Colorful “calaveras,” or decorative human skulls, adorned a hallway in Masters Hall from October 31 through November 2, as students in the Upper School learned about el “Día de Muertos,” or Day of the Dead, a Mexican, Central American and Caribbean national holiday to remember the dead.
Although its description might sound morbid, the day is a celebration of death, a natural part of the human cycle. The holiday tradition goes back more than 3,000 years, before the arrival of the Spanish in the Americas.
Upper school Spanish teachers Cristina Da Costa and Roberto Mercedes spoke about the celebration at Morning Meeting on Friday, November 1. Da Costa and fellow Spanish teacher Rebeca Bataller decorated the altar, or “ofrenda,” in front of the A to Z board with photos, candles, flowers and the favorite dishes of those they wished to remember.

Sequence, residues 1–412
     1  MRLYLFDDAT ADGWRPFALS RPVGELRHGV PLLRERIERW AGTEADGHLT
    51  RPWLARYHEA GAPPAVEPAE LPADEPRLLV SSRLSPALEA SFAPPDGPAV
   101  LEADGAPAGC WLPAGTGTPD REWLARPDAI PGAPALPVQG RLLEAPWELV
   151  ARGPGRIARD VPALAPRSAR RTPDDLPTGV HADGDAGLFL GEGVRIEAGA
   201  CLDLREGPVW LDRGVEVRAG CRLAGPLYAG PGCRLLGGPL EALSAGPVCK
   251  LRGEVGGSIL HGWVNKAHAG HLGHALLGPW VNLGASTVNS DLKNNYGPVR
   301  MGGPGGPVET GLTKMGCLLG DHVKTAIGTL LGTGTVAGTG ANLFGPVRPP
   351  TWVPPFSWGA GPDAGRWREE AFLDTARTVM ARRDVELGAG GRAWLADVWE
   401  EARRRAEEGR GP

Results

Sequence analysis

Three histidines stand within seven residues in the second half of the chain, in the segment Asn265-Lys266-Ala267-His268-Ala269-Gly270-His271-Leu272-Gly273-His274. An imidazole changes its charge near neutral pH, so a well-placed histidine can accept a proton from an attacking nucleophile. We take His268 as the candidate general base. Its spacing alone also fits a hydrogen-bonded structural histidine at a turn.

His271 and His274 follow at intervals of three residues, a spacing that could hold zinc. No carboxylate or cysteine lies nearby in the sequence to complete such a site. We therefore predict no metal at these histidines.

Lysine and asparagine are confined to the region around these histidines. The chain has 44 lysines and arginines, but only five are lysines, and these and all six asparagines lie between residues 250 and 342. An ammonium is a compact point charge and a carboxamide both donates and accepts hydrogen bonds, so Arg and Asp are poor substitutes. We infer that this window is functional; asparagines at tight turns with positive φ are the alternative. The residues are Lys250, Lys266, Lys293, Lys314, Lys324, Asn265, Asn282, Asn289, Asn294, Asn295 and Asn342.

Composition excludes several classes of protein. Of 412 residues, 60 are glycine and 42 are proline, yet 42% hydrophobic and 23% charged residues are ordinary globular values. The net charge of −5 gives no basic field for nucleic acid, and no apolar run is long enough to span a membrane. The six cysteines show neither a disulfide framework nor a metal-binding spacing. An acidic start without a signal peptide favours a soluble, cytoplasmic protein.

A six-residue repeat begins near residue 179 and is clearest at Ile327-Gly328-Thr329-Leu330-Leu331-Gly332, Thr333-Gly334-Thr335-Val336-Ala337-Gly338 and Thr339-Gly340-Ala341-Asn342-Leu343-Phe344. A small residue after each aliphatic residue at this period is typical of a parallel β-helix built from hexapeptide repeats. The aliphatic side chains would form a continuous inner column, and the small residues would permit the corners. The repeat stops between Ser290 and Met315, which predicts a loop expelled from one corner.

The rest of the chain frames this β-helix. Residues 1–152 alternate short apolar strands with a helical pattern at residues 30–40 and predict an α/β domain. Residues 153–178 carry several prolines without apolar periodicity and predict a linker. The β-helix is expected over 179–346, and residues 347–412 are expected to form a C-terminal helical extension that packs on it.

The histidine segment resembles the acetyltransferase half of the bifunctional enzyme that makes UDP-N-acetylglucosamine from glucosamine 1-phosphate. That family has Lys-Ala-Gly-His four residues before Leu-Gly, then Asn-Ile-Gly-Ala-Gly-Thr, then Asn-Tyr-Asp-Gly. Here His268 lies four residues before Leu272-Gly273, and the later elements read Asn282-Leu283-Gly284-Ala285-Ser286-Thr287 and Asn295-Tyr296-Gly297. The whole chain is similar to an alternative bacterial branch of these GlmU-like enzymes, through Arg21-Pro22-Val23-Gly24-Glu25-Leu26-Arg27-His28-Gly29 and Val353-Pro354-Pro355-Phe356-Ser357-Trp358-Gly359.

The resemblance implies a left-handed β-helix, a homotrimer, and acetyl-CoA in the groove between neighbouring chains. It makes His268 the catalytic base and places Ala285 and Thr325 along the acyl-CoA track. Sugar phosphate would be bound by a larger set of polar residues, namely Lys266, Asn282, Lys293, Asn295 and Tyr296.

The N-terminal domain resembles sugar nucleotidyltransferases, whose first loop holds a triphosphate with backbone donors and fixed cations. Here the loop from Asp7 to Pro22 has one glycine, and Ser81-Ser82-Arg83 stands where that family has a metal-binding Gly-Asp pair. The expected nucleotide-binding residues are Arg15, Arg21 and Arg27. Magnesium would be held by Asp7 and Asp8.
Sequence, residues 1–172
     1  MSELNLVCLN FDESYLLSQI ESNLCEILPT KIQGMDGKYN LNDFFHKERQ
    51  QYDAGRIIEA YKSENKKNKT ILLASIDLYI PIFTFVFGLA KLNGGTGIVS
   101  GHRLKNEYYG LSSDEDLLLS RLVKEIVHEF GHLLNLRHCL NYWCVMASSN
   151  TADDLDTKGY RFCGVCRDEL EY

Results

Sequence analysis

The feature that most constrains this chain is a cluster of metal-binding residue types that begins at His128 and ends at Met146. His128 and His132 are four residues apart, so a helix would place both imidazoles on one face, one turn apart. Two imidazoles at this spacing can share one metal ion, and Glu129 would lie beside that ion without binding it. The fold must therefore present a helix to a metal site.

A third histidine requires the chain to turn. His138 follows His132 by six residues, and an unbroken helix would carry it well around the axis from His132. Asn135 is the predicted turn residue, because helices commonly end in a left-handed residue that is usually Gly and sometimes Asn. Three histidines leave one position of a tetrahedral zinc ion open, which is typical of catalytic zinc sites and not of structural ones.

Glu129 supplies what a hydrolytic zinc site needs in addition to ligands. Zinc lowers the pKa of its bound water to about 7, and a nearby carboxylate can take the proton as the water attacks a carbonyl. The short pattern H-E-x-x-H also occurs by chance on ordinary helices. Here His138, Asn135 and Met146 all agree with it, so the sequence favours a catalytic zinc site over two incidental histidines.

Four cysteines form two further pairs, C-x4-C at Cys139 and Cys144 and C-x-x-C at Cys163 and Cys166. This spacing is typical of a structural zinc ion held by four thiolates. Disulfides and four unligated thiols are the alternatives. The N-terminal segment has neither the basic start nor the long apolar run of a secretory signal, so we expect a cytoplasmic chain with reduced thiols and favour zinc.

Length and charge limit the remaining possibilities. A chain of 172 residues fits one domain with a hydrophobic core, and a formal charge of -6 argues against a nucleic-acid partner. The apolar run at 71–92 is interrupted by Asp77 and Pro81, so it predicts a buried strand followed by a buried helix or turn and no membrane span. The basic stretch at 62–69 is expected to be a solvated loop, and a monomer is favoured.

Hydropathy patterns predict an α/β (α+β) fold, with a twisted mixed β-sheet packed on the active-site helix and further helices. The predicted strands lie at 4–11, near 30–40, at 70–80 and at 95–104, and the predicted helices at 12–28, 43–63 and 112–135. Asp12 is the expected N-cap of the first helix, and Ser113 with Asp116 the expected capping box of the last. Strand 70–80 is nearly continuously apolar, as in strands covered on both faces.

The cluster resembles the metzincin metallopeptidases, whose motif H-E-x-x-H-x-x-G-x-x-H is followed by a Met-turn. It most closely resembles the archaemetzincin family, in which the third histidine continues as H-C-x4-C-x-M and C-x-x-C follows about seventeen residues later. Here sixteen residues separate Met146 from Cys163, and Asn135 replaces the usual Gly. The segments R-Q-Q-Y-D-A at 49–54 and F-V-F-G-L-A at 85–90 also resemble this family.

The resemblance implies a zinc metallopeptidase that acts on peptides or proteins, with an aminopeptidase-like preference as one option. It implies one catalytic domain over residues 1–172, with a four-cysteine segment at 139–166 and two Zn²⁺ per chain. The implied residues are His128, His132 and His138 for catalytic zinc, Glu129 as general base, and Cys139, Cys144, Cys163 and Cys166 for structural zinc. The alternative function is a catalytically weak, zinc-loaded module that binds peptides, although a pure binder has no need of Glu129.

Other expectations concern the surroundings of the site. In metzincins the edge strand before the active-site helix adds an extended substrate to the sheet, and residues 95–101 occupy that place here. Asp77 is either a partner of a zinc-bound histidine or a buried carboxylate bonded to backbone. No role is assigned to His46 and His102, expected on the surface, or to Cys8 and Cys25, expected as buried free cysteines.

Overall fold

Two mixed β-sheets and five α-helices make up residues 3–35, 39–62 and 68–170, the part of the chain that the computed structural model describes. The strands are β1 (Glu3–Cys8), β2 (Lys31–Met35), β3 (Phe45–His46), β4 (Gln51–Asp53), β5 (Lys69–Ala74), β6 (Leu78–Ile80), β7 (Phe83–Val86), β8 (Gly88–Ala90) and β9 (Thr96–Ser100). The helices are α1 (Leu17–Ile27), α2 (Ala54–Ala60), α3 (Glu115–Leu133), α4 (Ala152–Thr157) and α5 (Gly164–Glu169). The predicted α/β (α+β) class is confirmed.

Students visited the altar and discussed its meaning; community members were also invited to place a picture, flower or special object as a remembrance of ancestors and loved ones who have passed.
Da Costa and Mercedes explained that their department wanted students to deeply consider life and death, and consider the ways that other cultures understand this concept. They noted that there is no sadness or suffering associated with the holiday, rather, it is a celebration to support those who have passed on in their spiritual journey.